Saving Trump from Trump

Unless there are more pressing things to do on the 13th of this month (or intricate political developments that only the statesmen know about), President Recep Tayyip Erdoğan must venture out a couple of good days and travel all the 5,218 miles just to see U.S. President Donald Trump and give him some talking points about how right he was when he ordered the boys and girls of the U.S. back home from Syria. Trump did that three times already only to reverse it later after those purported “grown-ups in the room” came up with their own arguments.

Naturally, those grown-ups never say things as they are but speak with words that Trump can understand. They don’t say this, for instance: “Mr. President, when one of your predecessors, Franklin Roosevelt, met the British Prime Minister Winston Churchill at Yalta in February 1945 to discuss how to end the World War II, that fat chap handed the keys to the Middle East capitals over to King Franklin as well as some maps drawn by French and British guys. Our military and diplomats looked at them and discussed it with the Yishuv [or Jewish community in Palestine] and they all agreed to change it. We don’t like to have a new Jewish state surrounded by Arabs. We thought it was about time to create what another predecessor of yours, Woodrow Wilson, promised a war ago: a Kurdish state.

 We did that after we occupied Iraq, but unfortunately, we cannot do it that easily in Syria for a couple of reasons: Unlike the Iraqi Kurds, Kurds in Syria are not seeking independence. Therefore, we brought in Kurdish insurgents from Turkey and gave them the one-third of Syria, as well as the oil fields, armed, equipped and trained them.

Sir, your decision to withdraw all the U.S. troops out of Syria is very premature. We need to be there until the end of the Geneva Constitutional Talks and the elections they’ll have; later we will convince the rulers of the new autonomous Kurdish region to merge with the Iraqi Kurdish region. And our job won’t be done with that. We need more presence in the area because that new Kurdish entity will declare war either to [a] Iran, or [b] Iran and Turkey. Thus, the Wilson Map of Kurdistan should be realized now. We have revised it because there was no Israel in 1920. It now includes the eastern and northern Syria, all the way down to Israel.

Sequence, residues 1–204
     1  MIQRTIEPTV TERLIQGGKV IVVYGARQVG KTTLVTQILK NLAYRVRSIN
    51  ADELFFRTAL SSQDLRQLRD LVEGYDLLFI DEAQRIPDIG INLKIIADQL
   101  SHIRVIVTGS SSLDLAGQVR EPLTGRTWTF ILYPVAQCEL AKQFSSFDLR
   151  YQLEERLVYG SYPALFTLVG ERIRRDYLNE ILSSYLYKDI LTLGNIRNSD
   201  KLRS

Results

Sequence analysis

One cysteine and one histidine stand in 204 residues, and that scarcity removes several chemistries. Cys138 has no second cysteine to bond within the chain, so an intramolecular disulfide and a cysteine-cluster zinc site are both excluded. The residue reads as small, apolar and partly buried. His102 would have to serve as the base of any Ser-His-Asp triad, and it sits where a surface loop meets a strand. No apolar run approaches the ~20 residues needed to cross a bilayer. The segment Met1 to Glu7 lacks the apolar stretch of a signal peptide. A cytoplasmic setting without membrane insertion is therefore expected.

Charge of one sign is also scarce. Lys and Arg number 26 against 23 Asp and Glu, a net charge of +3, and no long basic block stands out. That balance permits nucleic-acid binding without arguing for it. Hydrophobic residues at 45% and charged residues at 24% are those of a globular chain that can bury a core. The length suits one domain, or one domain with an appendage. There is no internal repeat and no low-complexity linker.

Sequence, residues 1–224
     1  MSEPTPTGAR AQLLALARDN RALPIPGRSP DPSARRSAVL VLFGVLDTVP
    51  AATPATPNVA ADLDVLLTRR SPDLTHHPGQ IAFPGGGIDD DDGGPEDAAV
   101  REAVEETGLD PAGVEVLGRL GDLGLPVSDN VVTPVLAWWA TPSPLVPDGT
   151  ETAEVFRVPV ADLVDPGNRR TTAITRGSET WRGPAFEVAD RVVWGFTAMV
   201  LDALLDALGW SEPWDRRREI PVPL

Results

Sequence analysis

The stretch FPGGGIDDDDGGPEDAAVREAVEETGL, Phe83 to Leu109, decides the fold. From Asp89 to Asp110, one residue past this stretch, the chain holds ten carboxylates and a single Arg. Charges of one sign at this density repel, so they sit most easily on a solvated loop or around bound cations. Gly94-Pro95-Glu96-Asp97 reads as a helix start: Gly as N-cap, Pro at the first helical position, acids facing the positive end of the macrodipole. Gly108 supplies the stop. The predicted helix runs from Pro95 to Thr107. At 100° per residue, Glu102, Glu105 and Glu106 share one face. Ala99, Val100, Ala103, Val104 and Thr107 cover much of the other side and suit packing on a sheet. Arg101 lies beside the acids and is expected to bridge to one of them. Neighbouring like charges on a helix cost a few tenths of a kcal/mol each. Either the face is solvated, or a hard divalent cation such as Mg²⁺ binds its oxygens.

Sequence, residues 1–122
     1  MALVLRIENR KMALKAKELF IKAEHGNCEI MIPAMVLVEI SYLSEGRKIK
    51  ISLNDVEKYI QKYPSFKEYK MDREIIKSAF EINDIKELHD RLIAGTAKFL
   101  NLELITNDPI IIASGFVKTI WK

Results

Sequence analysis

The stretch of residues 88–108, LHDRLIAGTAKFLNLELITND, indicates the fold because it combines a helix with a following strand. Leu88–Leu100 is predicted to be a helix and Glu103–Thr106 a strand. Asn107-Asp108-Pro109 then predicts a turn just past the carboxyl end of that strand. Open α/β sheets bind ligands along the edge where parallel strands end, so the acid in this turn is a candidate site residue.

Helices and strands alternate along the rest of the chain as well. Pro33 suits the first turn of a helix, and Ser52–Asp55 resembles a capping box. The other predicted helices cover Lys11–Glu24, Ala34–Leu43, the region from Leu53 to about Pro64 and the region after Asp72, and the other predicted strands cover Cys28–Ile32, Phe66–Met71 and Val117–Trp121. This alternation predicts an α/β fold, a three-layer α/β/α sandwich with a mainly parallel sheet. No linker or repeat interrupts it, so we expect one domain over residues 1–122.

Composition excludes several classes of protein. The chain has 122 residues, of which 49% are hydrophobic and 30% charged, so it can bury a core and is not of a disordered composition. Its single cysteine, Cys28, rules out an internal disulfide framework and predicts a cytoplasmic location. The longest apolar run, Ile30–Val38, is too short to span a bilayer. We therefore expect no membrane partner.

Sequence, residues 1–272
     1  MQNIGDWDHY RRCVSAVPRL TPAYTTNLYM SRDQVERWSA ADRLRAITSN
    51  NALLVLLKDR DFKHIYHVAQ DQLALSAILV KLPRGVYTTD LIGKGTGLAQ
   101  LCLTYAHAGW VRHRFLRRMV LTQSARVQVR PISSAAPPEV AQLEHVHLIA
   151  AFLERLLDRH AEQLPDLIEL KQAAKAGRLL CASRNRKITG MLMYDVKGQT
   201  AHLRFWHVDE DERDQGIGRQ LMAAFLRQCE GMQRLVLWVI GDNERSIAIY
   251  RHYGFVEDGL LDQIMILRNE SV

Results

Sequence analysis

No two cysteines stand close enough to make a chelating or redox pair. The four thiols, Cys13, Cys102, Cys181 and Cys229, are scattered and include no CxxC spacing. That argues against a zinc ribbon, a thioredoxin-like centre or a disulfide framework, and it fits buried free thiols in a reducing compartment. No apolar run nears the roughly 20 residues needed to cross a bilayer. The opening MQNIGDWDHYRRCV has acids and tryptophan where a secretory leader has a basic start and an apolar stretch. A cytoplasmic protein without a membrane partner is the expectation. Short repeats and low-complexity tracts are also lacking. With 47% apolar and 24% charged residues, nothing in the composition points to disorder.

Your pulling back our soldiers ruined this 100-year-old dream. Send them back.”

No, this won’t fly with Trump. He is only interested in Israel because his son-in-law sees good prospects of developing real estate business there. The endless wars are draining all the good money that could instead support the rich and famous to buy more homes and office buildings.

So, those grown-ups talk to him as if they are talking to a 5th grader:

“O the magnificent one. You didn’t mean to leave all the Syrian oil to Iranian mullahs and Russian czars who did not even come through with their promise to find some dirt on the crooked Hillary before the elections. Did you?”

Hence, another flip-flop on the total pullout!

President Erdoğan could make him see that the happy medium as usual in between of two extremes: No U.S. fortifications in Syria for a terror state created and run by the PKK terrorists from Turkey; nor a total U.S. withdrawal from Syria without helping the country heal from the trauma of the seven years of the civil war. Besides, the field should not be left wide open to Iran for his sectarian plots and to Russia for its chauvinistic political ambitions.

 Syria’s ethnoreligious tapestry consists of Arabs, Kurds, Turkmens, Druzes, Shiites, Palestinians and Circassians-Chechens. All these people would benefit immensely from democratic and free elections. It obligates the disappearance of the PKK and its affiliates from Syria. Whenever there is political violence and ethnic terror in a country people’s will couldn’t come out freely in the elections.

Sure thing, Trump will see the rational thing to do after speaking with Erdoğan.

Source: dailysabah

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About the author

Hakki Ocal

Hakki Ocal

Hakkı Öcal is a columnist at both Daily Sabah and Milliyet newspapers, which are based in Istanbul. He is also an advisor to the President of Ibn Haldun University.

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